Monday, February 13, 2017


 Paul and I visited Balboa Park on a pleasant afternoon in February.  The Japanese Friendship Garden (“the Garden”) is an expression of friendship between San Diego and its sister city, Yokohama. It illustrates two cultures and creates an immersive experience into Japanese culture. The Garden’s design is based on centuries-old Japanese techniques adapted to San Diego’s climate and plants and seeks to foster a relationship between humans and nature, providing a respite attuned to Japanese simplicity, serenity, and aestheticism.

The Garden sits on a 12-acre plot. It offers a variety of educational programs, exhibits, and festivals as well as accredited horticultural classes to enhance and deepen visitor appreciation for Japanese culture. As a valued community resource, it is well known for its unique setting, stone arrangements, koi ponds, water features, sukiya-style buildings and landscape.

Bonsai means tray planting and is the art of dwarfing trees or plants by pruning and training in containers.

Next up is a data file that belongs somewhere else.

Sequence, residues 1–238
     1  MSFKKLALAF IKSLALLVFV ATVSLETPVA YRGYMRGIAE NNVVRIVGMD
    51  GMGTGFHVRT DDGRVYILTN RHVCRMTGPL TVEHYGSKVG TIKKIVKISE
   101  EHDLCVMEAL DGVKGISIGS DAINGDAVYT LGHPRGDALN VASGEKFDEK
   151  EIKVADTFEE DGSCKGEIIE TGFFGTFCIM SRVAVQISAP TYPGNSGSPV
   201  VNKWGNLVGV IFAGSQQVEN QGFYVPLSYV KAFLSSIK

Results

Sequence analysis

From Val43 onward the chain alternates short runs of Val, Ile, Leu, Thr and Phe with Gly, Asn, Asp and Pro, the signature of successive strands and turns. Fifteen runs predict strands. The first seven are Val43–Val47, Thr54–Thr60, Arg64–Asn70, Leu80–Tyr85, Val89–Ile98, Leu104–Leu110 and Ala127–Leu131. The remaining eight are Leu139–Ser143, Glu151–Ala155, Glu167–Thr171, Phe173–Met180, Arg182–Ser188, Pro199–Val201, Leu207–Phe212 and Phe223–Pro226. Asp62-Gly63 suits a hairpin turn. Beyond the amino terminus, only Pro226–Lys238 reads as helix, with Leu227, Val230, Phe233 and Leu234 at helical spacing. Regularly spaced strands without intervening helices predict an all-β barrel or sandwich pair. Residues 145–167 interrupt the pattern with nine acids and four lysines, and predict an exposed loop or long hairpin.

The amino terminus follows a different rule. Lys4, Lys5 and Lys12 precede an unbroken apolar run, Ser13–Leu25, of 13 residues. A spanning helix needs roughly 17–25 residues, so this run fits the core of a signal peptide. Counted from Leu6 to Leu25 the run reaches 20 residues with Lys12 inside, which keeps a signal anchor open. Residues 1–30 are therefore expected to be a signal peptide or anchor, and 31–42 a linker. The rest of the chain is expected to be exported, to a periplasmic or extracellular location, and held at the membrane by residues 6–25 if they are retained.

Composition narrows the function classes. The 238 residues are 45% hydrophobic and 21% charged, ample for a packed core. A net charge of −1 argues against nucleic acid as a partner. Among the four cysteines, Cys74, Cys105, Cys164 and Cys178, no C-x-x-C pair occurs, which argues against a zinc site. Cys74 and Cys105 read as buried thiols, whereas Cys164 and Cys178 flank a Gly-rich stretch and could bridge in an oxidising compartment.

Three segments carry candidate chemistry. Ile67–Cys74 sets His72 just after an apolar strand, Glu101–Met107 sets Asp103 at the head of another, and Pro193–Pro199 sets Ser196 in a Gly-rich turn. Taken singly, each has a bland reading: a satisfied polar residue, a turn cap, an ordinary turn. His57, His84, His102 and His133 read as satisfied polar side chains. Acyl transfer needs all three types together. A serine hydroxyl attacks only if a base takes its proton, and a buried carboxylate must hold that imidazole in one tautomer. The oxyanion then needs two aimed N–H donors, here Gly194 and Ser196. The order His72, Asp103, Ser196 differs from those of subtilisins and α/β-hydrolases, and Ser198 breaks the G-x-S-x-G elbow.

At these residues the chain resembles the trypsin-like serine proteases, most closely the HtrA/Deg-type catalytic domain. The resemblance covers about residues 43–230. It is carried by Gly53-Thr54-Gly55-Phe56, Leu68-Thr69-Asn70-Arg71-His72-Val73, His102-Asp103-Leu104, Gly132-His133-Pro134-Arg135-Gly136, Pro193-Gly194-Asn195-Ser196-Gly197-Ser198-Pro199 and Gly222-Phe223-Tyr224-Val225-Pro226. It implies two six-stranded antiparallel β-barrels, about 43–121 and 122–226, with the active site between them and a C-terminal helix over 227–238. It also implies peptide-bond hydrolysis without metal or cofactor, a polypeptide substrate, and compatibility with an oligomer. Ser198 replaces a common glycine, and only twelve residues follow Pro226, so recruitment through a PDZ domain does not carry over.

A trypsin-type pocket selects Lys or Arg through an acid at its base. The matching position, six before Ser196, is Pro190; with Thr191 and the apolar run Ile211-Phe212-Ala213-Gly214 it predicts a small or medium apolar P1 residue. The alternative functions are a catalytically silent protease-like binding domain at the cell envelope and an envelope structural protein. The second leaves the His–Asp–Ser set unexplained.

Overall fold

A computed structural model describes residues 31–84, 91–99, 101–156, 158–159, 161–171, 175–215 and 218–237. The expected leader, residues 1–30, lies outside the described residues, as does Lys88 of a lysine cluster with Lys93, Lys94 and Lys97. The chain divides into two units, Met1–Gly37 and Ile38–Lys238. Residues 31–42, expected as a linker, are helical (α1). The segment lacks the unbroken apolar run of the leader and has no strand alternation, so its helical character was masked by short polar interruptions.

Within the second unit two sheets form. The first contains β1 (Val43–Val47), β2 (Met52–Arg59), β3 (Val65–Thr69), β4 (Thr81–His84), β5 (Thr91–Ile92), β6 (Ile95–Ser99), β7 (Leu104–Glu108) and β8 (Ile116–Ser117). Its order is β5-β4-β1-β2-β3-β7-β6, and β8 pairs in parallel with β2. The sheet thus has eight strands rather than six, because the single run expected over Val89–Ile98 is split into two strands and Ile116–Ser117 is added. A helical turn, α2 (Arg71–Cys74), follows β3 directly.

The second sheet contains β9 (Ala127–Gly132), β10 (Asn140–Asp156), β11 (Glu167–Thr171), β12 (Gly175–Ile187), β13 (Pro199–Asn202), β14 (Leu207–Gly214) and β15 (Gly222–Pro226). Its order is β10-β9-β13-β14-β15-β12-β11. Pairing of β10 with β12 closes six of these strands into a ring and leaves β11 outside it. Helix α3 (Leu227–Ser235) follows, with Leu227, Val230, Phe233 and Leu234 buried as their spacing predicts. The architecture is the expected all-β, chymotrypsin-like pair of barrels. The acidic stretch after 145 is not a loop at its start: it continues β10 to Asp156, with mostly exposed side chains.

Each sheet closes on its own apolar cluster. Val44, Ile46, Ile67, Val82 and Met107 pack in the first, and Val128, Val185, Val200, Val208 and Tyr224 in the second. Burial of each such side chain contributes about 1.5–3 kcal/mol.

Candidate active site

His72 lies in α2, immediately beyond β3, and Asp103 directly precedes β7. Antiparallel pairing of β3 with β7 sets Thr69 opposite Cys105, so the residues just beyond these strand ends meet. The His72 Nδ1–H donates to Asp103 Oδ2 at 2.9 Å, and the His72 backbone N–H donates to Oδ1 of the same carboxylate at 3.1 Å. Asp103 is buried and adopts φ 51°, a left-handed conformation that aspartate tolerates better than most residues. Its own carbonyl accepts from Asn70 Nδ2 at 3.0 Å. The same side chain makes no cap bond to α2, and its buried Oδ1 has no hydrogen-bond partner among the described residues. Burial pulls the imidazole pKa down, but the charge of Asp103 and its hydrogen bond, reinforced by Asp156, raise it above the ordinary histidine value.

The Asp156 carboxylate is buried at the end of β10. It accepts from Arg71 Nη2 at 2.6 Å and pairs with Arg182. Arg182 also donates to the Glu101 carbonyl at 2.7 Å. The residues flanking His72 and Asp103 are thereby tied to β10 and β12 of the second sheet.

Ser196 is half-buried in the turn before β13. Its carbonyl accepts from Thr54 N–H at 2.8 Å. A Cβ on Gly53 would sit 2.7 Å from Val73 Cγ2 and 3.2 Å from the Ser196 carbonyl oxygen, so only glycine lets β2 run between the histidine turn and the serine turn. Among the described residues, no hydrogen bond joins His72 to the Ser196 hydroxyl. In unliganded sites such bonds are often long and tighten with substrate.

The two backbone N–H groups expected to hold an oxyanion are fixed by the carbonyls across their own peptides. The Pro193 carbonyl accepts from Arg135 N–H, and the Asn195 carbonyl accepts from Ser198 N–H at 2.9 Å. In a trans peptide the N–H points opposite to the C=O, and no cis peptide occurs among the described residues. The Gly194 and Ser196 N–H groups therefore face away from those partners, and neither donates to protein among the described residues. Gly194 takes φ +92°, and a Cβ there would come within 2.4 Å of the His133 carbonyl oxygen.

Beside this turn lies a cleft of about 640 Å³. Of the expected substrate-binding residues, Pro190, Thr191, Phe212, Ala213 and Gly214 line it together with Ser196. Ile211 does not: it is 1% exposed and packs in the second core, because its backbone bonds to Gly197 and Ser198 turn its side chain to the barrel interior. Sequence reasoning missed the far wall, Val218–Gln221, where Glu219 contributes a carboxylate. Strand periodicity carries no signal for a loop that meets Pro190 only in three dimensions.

There was an interesting display of Japanese ceramics on display in the pavilion

Tray made by Dot Kimura, a neighbor friend

Tea and sweets were served to guests after a tea ceremony
Japanese kimono
Details of this kimono

We also visited the  Museum of Photographic Arts which is one of the first museum facilities in the United States exclusively designed to collect and present the finest examples of photographic art, spanning the history of photography from the 19th century to the present day.  The museum’s has one of the largest photography collections in the country and is a destination for scholars, researchers and professional photographers.  There was an exhibit of some photographs by Ansel Adams.
Ansel Adams photo-Clearing storm, Sonoma County

Another interesting large photo was a large composite of hill views that took on the look of range of hills
Composite photo
Section of Composite photo with a "forest" of power lines

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